Voluntary medical male circumcision for HIV prevention: A global overview
PURPOSE OF REVIEW: With the promise of HIV prevention, there has been a scale-up of voluntary medical male circumcision (VMMC) in high HIV incidence/low circumcision prevalence nations worldwide. Nonetheless, debates over the implementation and the effectiveness and safety of the VMMC in real-world settings persist. We revisit the role of VMMC in HIV prevention to inform health professionals, policymakers, and advocates or opponents in this new era. RECENT FINDINGS: There has been substantial progress on VMMC scale-up to date, but this has varied considerably by region. The evidence of solid and direct protection of VMMC is available for heterosexual men and older adolescent boys in sub-Saharan Africa. The protective effect in men who have sex with men is suggested by systematic reviews but is not confirmed by clinical trials. Sexual partners, including women, likely benefit indirectly from the increased VMMC coverage through a decreased risk of exposure to infected male partners. Fortunately, the preponderance of studies does not suggest higher sexual risk behaviors among circumcised men, so-called risk compensation. VMMC requires health systems strengthening and continued promulgation of other evidence-based HIV prevention strategies to be successful. Health authorities in high HIV incidence areas that have low circumcision coverage should implement VMMC within a context of complementary biomedical and behavioral prevention strategies.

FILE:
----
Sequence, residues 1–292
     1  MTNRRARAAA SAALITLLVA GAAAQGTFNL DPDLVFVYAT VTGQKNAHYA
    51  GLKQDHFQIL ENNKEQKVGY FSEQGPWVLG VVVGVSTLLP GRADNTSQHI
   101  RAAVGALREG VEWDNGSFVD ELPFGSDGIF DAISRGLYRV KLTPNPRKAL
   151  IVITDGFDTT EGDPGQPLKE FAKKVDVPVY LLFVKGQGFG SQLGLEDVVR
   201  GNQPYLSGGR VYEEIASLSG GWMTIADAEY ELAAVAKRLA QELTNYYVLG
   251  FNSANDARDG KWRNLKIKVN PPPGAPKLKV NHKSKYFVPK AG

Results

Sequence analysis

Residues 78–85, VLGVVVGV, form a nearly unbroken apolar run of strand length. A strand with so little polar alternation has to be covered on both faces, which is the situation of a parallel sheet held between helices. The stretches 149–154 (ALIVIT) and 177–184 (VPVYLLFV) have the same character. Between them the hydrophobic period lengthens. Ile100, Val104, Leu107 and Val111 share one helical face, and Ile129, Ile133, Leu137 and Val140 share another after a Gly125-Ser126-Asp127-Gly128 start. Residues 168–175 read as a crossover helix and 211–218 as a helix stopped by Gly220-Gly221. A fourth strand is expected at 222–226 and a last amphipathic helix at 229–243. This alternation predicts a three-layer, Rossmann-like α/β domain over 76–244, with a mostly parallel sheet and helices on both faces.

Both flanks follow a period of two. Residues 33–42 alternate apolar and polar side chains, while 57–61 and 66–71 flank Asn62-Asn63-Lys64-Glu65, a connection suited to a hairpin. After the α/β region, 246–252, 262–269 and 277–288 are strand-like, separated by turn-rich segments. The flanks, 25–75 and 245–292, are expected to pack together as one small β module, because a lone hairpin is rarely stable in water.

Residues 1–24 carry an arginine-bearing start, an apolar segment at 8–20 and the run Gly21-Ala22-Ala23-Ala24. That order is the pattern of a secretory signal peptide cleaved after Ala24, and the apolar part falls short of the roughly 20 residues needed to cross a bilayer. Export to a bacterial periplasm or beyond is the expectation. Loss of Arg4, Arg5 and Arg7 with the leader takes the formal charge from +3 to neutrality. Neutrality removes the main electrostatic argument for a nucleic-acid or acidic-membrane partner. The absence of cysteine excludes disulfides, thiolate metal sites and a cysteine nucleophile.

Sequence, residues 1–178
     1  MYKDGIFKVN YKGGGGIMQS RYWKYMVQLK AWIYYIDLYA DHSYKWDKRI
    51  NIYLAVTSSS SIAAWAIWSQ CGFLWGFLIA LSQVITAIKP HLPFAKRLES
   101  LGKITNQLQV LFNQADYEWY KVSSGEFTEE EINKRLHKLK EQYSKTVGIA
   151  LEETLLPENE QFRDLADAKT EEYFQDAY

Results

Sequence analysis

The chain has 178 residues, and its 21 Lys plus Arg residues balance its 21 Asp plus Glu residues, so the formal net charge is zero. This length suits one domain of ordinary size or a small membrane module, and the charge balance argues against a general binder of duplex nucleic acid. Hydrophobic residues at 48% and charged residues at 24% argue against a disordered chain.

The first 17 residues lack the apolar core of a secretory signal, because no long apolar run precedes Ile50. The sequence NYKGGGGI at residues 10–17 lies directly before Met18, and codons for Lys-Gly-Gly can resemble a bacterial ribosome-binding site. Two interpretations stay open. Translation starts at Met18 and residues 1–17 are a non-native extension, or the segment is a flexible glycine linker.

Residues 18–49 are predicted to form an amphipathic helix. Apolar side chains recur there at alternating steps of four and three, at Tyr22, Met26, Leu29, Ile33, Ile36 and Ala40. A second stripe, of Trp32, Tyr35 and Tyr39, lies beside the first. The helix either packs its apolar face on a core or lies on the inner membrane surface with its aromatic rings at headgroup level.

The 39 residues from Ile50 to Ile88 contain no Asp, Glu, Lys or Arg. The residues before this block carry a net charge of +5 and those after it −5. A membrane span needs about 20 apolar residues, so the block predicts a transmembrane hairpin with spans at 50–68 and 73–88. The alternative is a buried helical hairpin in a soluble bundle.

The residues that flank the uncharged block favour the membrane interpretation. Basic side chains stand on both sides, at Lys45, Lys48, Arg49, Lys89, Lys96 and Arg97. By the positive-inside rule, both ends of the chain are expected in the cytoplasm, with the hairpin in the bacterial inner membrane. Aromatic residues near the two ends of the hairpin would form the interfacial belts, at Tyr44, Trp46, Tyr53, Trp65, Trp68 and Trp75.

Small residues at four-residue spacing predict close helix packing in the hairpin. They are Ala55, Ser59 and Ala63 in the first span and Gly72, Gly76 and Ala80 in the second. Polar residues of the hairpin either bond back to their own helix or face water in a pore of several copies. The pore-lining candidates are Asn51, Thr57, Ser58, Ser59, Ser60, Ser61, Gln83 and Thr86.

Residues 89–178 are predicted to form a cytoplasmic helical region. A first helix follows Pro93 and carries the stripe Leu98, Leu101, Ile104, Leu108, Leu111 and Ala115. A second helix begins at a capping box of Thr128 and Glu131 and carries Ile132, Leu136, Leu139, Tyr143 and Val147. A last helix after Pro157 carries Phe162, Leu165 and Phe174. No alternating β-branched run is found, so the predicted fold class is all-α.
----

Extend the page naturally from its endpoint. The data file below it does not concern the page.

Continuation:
Zhang C, Vermund SH
- General HIV- population
- Prevention, Engagement and Care Cascade
- Biomedical interventions